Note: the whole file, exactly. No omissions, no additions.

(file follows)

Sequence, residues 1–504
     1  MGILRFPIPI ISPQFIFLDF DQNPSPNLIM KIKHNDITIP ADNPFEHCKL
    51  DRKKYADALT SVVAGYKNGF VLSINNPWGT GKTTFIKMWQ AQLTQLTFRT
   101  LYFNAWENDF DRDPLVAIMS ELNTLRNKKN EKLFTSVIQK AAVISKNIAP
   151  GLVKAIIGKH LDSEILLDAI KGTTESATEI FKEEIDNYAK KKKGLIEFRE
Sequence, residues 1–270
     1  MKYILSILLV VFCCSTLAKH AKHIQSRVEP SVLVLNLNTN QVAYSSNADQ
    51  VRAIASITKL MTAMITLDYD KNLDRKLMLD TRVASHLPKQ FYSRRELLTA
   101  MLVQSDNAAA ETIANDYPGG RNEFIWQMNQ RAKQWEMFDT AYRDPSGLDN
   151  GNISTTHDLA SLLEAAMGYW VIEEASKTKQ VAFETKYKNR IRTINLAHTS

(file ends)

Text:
Sequence, residues 1–504
     1  MGILRFPIPI ISPQFIFLDF DQNPSPNLIM KIKHNDITIP ADNPFEHCKL
    51  DRKKYADALT SVVAGYKNGF VLSINNPWGT GKTTFIKMWQ AQLTQLTFRT
   101  LYFNAWENDF DRDPLVAIMS ELNTLRNKKN EKLFTSVIQK AAVISKNIAP
   151  GLVKAIIGKH LDSEILLDAI KGTTESATEI FKEEIDNYAK KKKGLIEFRE
Sequence, residues 1–270
     1  MKYILSILLV VFCCSTLAKH AKHIQSRVEP SVLVLNLNTN QVAYSSNADQ
    51  VRAIASITKL MTAMITLDYD KNLDRKLMLD TRVASHLPKQ FYSRRELLTA
   101  MLVQSDNAAA ETIANDYPGG RNEFIWQMNQ RAKQWEMFDT AYRDPSGLDN
   151  GNISTTHDLA SLLEAAMGYW VIEEASKTKQ VAFETKYKNR IRTINLAHTS